Dorothy Breed: A rare Breed of doctor

Dr Dorothy Breed, a veterinarian and urban wildlife specialist in the City of Cape Town’s Environmental Management Department, has always had her focus on nature’s pulse. Dr Breed became a veterinarian because she wanted to contribute to the ‘bigger’ picture. “I was working at a private veterinary practice when I realised that if I wanted to move further in the veterinarian field, I would have to empower myself with education,” Breed said.

This is an assertion she lives up to, and counting among her credentials are: Bachelor of Veterinary Science from the University of Pretoria 2006, Masters in International Animal Health from the University of Edinburgh 2014 and she is currently in her final year of study towards a PhD in Physiology (Wildlife) at the University of Cape Town.

Previously, Dr Breed worked in private veterinary practice in South Africa and the United Kingdom. In 2012, she started her own practice rendering wildlife veterinary services in and around Cape Town.

During this time, she dealt with many species including domestic, farm, exotic and wild animals. In 2017, Dr Breed joined the City of Cape Town as a veterinarian and urban wildlife specialist.

Dr Breed’s role in the Biodiversity Management Branch is to provide veterinary support and advice for any animal interventions planned or needed in conservation areas. “Working with wildlife and people can be very challenging, but it also keeps working life interesting and very fulfilling when you have positive achievements,” said Dr Breed.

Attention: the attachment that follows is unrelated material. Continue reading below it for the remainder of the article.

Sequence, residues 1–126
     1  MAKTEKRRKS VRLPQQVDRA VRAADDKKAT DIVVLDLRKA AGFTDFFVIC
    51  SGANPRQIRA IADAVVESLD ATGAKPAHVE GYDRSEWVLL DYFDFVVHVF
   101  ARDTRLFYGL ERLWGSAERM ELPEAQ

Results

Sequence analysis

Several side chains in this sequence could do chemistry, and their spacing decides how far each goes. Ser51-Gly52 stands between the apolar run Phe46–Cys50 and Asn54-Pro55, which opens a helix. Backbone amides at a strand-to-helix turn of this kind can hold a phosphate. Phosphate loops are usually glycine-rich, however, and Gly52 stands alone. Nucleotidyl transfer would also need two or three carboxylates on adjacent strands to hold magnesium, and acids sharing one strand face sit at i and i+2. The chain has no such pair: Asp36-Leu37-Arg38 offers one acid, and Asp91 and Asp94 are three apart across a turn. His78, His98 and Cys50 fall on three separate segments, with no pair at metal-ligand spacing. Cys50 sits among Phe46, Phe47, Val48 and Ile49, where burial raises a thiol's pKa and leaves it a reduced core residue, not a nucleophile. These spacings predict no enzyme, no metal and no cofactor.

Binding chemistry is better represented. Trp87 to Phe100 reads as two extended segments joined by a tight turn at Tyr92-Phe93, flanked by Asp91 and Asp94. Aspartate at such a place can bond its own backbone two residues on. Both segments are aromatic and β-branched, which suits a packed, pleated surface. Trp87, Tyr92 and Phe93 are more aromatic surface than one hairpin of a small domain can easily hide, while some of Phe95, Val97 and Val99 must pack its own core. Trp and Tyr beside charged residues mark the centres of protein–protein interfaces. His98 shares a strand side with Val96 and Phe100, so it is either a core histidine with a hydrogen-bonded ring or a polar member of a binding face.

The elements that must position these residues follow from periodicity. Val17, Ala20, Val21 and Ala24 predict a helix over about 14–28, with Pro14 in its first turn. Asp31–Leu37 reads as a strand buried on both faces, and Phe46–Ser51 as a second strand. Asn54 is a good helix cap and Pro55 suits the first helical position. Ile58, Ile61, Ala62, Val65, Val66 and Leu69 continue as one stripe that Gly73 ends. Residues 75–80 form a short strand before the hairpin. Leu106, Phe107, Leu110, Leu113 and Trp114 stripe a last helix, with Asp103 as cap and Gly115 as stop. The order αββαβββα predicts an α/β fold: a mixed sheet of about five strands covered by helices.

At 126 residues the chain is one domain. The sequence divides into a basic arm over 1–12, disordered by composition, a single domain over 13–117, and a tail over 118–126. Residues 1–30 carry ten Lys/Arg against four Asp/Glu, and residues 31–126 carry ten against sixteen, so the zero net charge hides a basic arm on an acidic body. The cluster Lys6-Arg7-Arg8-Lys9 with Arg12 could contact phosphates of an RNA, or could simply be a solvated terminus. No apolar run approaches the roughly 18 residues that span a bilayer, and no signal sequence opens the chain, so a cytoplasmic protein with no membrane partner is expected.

Some of her career highlights include: reintroducing eland to Blaauwberg Nature Reserve, rehabilitating a honey badger and successfully releasing it at Bokbaai in 2017 and translocating the City’s bontebok herd to a new site.

“It is a rewarding career, but it also has its challenges. For instance, managing wildlife in an urban setting can be difficult due to the different views that people have towards animals. You have to constantly navigate between best practice, science, animal welfare and human interest. Also, wild animals are usually very sick or injured by the time they allow themselves to be caught by humans, and often require humane euthanasia,” said Breed.
“However, there are wildlife cases where the situation and the animal’s condition allow you to release it. It is very rewarding to see a wild animal released back into a natural area,” said Breed.

A key lesson she learnt during her career is that everything of consequence is worth thrice the effort; anything that is worthwhile and makes a difference requires substantial effort.
Working on a wide range of projects with different organisations, liaising with and continuously learning from experts in various fields, keep her motivated in her job. She also gets to deal with a wide range of species, making it exciting.